Judge finds calm on Highland ground after Harvey’s fury

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Just a week before the Canmore Highland Games, drumming judge and internationally recognized musician Blair Brown was forced to make an impossible choice between his commitments to the event’s musicians, or his home.

With Hurricane Harvey menacing on the Gulf Coast, Brown, a resident of Houston, stuck to his commitment to the games despite the threat posed by the impending category four storm.

“I rearranged everything almost specifically so I could judge, because I had committed to it and really wanted to do it,” he said.

Brown immediately changed his flight plans, and made it to Canmore after a brief stay with friends in Vancouver.

“With the hurricane and the storm coming, I phoned United and said ‘hey can you get me out?’ and they said ‘you can go tomorrow morning,’ ” said Brown.

Meanwhile, Harvey became the first hurricane since 2005 to make landfall in the continental United States, dumping nearly 72 trillion litres of water on Texas.

Houston received 795 millimetres of rain. By comparison, Canmore received 200 mm during the 2013 flood.

The storm ended up costing Brown dearly. It destroyed his home and all of his possessions.

“We did try and rearrange the house before I left, but when you get three and a half to four feet of water in the house, throughout the entire house, there is some stuff that just can’t be saved.”

Fortunately, Brown’s twin brother Graham, also a musician, was able to evacuate from their shared home with Brown’s dog and make it to higher ground.

Being at the Canmore games knowing that his neighbours weren’t all safe was bittersweet.

“My feelings are split. I’m just trying to enjoy the judging experience and I’ve never been to Canmore and it’s beautiful, but there is a part of me that just keeps thinking, ‘I should be back down in Houston,’ ” he said.

“I’m thinking about friends, thinking about family.”

Originally from Toronto, Brown was born into a musically gifted family.

His mother Gail Brown is an internationally known bagpiper and three-time winner of the World Pipe Band Championships.

Brown fulfilled a lifelong dream in 2001 by moving to Scotland to join the top-tier Shotts and Dykehead pipe band and winning World Drum Corps awards in 2003 and 2005.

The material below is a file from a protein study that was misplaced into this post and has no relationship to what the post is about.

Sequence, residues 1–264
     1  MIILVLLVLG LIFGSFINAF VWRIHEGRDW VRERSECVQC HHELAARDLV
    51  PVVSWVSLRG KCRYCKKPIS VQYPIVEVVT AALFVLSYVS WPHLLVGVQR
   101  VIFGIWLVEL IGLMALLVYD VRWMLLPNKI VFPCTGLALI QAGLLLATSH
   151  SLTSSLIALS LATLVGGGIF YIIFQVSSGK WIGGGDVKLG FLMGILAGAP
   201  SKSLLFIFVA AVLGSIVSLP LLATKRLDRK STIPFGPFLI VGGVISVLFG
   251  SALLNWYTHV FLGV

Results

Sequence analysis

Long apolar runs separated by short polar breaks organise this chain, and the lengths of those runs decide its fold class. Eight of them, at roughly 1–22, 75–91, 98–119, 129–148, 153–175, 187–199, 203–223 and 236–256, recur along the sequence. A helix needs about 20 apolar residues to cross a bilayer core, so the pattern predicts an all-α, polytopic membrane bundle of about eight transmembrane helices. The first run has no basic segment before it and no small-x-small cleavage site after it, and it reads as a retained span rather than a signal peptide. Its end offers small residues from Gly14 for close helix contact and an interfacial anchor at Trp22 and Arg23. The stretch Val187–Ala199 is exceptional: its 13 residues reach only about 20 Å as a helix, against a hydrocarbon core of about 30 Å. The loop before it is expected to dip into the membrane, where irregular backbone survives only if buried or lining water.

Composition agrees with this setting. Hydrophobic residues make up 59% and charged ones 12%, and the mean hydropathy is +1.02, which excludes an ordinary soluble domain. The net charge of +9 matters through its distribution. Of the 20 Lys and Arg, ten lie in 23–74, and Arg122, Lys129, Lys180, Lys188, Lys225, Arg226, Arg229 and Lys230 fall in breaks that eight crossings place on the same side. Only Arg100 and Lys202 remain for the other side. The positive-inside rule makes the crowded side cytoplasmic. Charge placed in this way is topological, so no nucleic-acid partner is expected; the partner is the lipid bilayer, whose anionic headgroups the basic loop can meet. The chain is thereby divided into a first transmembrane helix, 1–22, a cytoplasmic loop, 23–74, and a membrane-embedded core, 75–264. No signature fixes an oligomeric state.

In Houston, he became drumming director for the St. Thomas’ Episcopal School’s pipe and drum band as part of the school’s Scottish studies.

All through the decades of playing drums across Canada, the U.S. and in Scotland, Brown kept a box with every single drumstick he had ever used.

Thanks to the flooding, that box is gone.

“It’s devastating as a sentimental thing, but I’m trying not to think about it.”

Instead, his focus was on helping the musicians compete and judging their performances.

“Certainly, you know when you have a band in front of you or you have a solo competitor in front of you, you’re just trying to enjoy it, offer some constructive criticism and, of course, to rank them and give placings,” he said.

“I’m just putting everything else on the back burner and focusing on the job at hand here.”

Brown returns to Houston this week.

Toronto-based musician Eric Stein and friend of the Browns started a recovery fundraiser for Blair and his brother Graham located on GoFundMe at www.gofundme.com/beating-the-drum-for-graham.

For those wishing to support victims of Hurricane Harvey, or to provide support pending the landfall of Hurricane Irma, donations can be made to the Red Cross at www.redcross.org/donate/hurricane-harvey.

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Rocky Mountain Outlook